As we drove, we read the history of the country, stopped at forts or burial tombs built in 3,000 B.C. churches built in 1108, and castles built between 1300-1600. We began to scoff at anything built in 1800 or later, laughing that the time period was trendy and modern. We saw castles ruined by Thomas Cromwell, churches built by the Catholic Church, and cottages pieced together during the potato famine. In simply seeing these buildings, we not only learned, but felt the history of this breath-taking country.
More than anything, it was the people we met that melted our hearts. There was the sheepherder in the mountains of Killarney. We spoke with him about his sheep, his dogs, and our little journey. At least, we think we did. Apparently even the Irish have difficulty understanding the Irish Sheepherder. There was the young college-bound carriage driver, and his horse Paddy. He was genuinely thankful for a barn full of hay for the winter, a beautiful sunny day in the park, and the fact that we were blessed with “two solid jobs.” He beamed as he hoped to see us again on the streets of New York City—where he plans to intern soon. And finally, there was the couple we met at dinner, who were “on holiday” for the weekend, taking in the sights of the country they love. We chatted about nightlife, culture, and economics. We learned of their friends, many of whom had left their country in search of jobs. We learned of their concern for America’s economic state, and how closely linked our economy is to theirs, hearing in their words “When America gets a cold, we get pneumonia.” They spoke of their family histories, and I spoke of mine. They were eager to hear of our day in Cork-the county of my grandmother’s birth, and promised to help find more information as we hugged goodbye and exchanged emails.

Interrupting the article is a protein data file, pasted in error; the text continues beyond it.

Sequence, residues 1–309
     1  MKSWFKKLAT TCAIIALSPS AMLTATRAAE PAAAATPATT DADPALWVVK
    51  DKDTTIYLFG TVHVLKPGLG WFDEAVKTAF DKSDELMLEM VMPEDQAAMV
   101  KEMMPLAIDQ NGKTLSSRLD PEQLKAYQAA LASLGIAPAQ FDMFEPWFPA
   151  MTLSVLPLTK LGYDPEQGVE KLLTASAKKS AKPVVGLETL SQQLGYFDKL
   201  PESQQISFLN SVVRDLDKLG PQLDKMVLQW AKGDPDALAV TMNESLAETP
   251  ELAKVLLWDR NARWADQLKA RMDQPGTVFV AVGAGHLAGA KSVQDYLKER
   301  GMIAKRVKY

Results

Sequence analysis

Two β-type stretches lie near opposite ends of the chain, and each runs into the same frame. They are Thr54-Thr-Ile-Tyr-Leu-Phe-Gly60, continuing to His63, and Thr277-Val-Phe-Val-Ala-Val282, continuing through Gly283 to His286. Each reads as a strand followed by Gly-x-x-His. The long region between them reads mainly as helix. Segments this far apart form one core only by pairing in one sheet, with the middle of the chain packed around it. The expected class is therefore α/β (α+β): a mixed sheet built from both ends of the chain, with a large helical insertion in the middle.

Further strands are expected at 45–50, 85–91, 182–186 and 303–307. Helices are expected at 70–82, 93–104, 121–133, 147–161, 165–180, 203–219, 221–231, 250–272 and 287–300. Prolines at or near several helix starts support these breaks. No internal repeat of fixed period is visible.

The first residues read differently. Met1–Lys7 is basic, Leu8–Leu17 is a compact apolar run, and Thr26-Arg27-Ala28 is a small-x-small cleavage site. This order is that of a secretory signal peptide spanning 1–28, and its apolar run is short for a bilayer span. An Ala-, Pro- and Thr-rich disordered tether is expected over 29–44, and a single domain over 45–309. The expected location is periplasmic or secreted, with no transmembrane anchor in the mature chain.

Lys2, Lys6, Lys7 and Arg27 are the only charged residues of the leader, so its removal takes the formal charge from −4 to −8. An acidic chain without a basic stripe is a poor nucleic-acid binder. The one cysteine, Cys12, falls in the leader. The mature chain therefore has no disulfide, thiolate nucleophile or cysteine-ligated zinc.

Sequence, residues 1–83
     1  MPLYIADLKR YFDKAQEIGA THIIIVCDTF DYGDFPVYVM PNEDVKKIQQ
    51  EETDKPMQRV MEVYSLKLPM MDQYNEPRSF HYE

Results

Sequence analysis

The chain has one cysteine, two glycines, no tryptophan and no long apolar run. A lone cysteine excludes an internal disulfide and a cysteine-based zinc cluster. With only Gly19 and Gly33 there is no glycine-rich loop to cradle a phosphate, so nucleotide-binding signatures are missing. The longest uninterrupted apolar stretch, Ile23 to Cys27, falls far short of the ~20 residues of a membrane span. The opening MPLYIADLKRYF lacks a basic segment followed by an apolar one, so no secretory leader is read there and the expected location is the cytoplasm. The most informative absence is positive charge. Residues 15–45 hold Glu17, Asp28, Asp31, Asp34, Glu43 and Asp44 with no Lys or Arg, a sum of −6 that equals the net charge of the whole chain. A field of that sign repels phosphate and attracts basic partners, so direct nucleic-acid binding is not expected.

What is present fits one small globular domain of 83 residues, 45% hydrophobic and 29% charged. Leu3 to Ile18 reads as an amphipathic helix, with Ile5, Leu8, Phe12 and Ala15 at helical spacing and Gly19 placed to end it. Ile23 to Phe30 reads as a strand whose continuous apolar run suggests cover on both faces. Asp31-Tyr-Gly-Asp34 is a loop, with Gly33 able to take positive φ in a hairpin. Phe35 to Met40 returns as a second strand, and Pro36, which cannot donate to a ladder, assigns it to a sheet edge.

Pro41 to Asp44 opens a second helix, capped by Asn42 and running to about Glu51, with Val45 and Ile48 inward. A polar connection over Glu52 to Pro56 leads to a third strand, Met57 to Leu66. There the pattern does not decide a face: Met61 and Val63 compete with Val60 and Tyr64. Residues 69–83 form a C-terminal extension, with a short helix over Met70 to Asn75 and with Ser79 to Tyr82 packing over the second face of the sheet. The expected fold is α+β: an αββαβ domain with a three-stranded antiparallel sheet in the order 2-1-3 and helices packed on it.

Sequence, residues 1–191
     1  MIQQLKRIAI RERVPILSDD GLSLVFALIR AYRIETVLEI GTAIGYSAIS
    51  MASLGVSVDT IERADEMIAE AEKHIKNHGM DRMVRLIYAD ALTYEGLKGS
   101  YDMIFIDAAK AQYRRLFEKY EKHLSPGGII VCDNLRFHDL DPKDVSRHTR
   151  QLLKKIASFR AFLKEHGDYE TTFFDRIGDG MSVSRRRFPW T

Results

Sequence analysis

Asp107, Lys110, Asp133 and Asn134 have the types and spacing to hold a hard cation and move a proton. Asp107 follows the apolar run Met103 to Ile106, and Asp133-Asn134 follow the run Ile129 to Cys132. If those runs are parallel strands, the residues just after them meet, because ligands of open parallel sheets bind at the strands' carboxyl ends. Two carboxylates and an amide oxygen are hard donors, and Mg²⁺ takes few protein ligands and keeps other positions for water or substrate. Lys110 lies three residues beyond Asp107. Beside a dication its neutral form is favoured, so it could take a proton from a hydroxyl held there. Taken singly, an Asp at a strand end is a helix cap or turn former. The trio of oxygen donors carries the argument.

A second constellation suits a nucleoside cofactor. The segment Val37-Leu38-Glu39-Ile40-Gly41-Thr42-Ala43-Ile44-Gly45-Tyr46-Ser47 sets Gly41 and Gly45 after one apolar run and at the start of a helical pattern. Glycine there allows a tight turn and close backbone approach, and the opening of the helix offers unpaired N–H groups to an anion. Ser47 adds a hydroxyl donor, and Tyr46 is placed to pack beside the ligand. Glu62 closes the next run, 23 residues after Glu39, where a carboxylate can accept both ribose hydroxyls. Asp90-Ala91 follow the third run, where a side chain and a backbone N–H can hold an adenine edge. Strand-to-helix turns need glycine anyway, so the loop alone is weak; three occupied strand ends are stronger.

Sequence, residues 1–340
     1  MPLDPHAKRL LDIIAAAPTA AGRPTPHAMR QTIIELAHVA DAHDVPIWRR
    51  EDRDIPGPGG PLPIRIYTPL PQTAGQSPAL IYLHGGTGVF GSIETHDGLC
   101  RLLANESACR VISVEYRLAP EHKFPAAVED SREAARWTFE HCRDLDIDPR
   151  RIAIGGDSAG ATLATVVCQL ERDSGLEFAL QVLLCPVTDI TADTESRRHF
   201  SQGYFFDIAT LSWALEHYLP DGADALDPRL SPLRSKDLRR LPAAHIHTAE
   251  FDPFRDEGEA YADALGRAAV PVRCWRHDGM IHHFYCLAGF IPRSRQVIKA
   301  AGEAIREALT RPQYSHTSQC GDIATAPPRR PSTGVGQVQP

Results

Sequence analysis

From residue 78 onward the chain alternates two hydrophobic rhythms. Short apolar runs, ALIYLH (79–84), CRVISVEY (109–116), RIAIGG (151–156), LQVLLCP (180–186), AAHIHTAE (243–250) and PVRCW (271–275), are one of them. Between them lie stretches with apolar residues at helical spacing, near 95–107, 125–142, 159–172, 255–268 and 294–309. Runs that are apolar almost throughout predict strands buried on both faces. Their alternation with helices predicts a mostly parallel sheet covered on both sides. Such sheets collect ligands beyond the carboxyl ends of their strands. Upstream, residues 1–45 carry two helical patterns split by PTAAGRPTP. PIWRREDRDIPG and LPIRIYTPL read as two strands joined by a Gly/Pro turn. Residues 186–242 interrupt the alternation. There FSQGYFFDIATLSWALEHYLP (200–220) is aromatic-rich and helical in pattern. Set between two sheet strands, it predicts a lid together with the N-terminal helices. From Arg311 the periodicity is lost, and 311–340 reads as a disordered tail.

The last day of our trip, we tracked down the house where my grandmother was born. We stood outside the childhood homes of my great-great grandmother and grandfather. We walked the isles of the church where my great-great grandparents married, and my heart was light with happiness. Surprisingly, I didn’t cry. My sappy heart held it together as I bathed in all the experience that had brought me to that point.
As we stepped back into the hot Texas sun, and began digging for sandals as we stripped our layers of scarves and jackets, I looked for the kids. I couldn’t wait to hug them and tell them about Rock of Cashel, and the impact of St. Patrick’s Shamrock in the year 433. I wanted to paint the picture of the gorgeous green pastures where sheep graze with their quick-witted herder. I had my camera ready to show them pictures where their family worshiped, had Faith to marry, and to sail for America–away from their Home.
Now, safely tucked into our Texas Home, we marvel at our Irish Roots together, gazing on our shamrocks and hoping with a bit o’ luck we will always feel this blessed.